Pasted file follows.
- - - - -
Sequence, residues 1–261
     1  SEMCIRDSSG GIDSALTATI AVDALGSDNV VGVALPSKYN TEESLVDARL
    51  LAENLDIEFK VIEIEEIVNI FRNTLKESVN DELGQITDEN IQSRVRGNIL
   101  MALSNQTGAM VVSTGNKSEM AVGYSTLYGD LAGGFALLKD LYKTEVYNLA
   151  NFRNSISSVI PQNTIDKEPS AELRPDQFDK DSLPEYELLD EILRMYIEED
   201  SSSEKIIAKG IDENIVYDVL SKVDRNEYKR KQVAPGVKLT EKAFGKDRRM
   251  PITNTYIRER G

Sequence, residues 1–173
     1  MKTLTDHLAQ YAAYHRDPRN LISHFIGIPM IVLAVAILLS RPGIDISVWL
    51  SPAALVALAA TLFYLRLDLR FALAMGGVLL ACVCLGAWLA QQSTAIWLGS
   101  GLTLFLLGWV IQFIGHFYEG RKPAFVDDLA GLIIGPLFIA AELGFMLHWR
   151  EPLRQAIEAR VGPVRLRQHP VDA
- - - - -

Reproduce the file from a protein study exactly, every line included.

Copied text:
Sequence, residues 1–261
     1  SEMCIRDSSG GIDSALTATI AVDALGSDNV VGVALPSKYN TEESLVDARL
    51  LAENLDIEFK VIEIEEIVNI FRNTLKESVN DELGQITDEN IQSRVRGNIL
   101  MALSNQTGAM VVSTGNKSEM AVGYSTLYGD LAGGFALLKD LYKTEVYNLA
   151  NFRNSISSVI PQNTIDKEPS AELRPDQFDK DSLPEYELLD EILRMYIEED
   201  SSSEKIIAKG IDENIVYDVL SKVDRNEYKR KQVAPGVKLT EKAFGKDRRM
   251  PITNTYIRER G

Sequence, residues 1–173
     1  MKTLTDHLAQ YAAYHRDPRN LISHFIGIPM IVLAVAILLS RPGIDISVWL
    51  SPAALVALAA TLFYLRLDLR FALAMGGVLL ACVCLGAWLA QQSTAIWLGS
   101  GLTLFLLGWV IQFIGHFYEG RKPAFVDDLA GLIIGPLFIA AELGFMLHWR
   151  EPLRQAIEAR VGPVRLRQHP VDA